96. Briefing Paper Prepared by Paul Henze of the National Security Council Staff1


Bulent Ecevit prides himself on being a tough Turk with a gentle soul. He has more natural appeal than any Turkish leader since Ataturk. Having served only 7½ months as Prime Minister, however, he is essentially unproven as a leader. He came into office in 1974 advocating far-out economic and social reform schemes, but his main political acts before the Cyprus crisis were a sweeping general amnesty and resumption of poppy cultivation.2 His optimism on the Turkish Government’s ability to control poppies was justified. The amnesty, however, caused the release of many terrorists and agitators who have contributed to the high level of civil commotion in Turkey during the past two years.

Ecevit is weakest on economics. He will have to deal with urgent economic problems now and this, along with the interlocking problems of Cyprus, Greece, U.S. and NATO relations, will be the two main challenges he will face as Prime Minister.

Ecevit was a reluctant dragon in respect to Cyprus in 1974. He ordered invasion only as a last resort, after determined efforts to persuade the British to join Turkey in intervening. Once done, Ecevit exploited the Cyprus operation to make himself a national hero. His popularity was enormously high when he resigned in September 1974 to rid himself of his reactionary coalition partner, Erbakan.

Out of power and frustrated during the past two years, Ecevit has flirted with the left and sometimes dabbled with narrow nationalism. He has avoided getting stuck on extreme positions, however, and there is no reason to doubt his basic commitment to NATO, EEC and close relations with Europe and the United States. He is sincerely interested in social justice and believes a high rate of economic growth can be combined with expanded social services and rural development.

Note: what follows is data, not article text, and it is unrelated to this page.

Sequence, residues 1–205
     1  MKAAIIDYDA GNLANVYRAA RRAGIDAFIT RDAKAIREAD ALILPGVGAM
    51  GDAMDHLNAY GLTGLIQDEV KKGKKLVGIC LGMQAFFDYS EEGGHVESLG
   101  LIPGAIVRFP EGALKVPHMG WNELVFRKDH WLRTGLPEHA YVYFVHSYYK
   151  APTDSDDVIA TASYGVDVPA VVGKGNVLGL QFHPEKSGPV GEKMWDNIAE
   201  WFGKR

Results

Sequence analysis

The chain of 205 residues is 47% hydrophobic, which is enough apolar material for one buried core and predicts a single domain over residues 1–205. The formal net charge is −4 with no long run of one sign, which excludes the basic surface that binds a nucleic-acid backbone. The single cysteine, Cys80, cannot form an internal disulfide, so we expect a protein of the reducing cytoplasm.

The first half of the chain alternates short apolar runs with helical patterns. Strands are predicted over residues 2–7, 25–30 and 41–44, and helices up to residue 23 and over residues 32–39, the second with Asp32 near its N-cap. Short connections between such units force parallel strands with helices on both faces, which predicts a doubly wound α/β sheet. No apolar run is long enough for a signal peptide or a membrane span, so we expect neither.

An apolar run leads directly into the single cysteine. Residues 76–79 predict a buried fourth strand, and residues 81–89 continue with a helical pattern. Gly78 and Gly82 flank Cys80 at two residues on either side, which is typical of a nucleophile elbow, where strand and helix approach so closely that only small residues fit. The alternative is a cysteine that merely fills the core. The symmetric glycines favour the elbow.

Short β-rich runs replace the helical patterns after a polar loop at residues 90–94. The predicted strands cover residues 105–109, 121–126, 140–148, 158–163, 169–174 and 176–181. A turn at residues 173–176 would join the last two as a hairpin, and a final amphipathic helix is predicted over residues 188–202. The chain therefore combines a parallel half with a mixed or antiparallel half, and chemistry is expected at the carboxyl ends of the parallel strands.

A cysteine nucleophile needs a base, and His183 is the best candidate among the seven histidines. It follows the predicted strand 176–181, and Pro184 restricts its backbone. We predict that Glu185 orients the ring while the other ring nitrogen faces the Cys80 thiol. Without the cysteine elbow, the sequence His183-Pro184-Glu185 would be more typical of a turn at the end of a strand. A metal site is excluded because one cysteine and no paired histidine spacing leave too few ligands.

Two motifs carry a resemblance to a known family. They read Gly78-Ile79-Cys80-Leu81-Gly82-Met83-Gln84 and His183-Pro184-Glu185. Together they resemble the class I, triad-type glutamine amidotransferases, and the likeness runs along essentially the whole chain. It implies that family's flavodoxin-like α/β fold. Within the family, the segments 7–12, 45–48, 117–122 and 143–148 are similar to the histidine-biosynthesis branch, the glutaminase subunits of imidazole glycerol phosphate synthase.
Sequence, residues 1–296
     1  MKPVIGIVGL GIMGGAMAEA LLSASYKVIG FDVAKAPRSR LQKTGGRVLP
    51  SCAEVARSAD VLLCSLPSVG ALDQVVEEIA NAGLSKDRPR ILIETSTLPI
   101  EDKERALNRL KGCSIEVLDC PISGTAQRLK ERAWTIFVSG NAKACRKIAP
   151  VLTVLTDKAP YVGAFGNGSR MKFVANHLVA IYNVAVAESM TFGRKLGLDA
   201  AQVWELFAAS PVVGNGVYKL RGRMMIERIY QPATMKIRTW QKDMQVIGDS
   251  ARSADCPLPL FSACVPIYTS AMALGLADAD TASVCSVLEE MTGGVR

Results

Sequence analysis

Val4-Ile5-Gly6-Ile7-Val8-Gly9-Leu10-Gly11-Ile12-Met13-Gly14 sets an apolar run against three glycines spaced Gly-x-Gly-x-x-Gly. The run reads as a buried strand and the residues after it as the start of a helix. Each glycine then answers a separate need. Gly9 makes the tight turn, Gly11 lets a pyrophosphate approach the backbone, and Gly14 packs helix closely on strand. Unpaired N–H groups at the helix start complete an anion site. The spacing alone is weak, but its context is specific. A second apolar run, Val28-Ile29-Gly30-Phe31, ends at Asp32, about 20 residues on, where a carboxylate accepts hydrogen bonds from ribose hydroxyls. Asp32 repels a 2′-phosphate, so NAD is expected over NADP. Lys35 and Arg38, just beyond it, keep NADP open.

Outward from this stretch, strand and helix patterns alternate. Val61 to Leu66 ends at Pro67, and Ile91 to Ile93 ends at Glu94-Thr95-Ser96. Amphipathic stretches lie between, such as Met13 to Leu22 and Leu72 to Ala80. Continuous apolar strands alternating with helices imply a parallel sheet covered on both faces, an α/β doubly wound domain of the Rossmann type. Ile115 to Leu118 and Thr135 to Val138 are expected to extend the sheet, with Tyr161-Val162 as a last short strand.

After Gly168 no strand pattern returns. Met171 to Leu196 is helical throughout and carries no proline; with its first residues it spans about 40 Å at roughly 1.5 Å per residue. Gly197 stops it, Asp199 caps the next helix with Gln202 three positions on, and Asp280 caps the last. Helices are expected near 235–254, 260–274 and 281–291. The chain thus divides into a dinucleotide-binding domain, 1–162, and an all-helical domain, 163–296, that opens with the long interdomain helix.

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Ecevit wants to have a good international image and close ties with European and American leadership. This Administration should have no difficulty developing rapport with Ecevit. He is in a better position than anyone else in Turkey could be to move toward a Cyprus settlement and reconciliation with Greece. His talk of a meeting with Karamanlis at an early date is not mere posturing. Ecevit would like to do what Ataturk did with Venizelos in the 1920’s: settle Greek-Turkish strife so both countries can concentrate on more fundamental objectives: complete social and political modernization and integration into Europe.

Ecevit speaks good English, has great personal charm and is easy to talk to. His quick mind grasps key issues readily but he sometimes goes off on flights of fancy, like the poet he is. He likes to make dramatic personnel appointments. A Turkish Government under his leadership would be much more exciting and colorful than it has been in the past 2½ years.

  1. Source: Carter Library, National Security Affairs, Brzezinski Material, Country File, Box 75, Turkey: 1–12/77. Confidential. In a June 9 covering memorandum to Carter, Brzezinski noted that Henze, who served for the past three years in Turkey, “observed Ecevit closely both in and out of office and knows him personally.” Carter wrote “good” in the upper right corner and initialed “J” on the covering memorandum. (Ibid.)
  2. For the U.S. reaction to Ecevit’s lifting of the 1971 opium poppy ban in 1974, see Foreign Relations, 1969–1976, vol. XXX, Greece; Cyprus; Turkey, 1973–1976, Documents 199, 202, 204206, 208, and 209.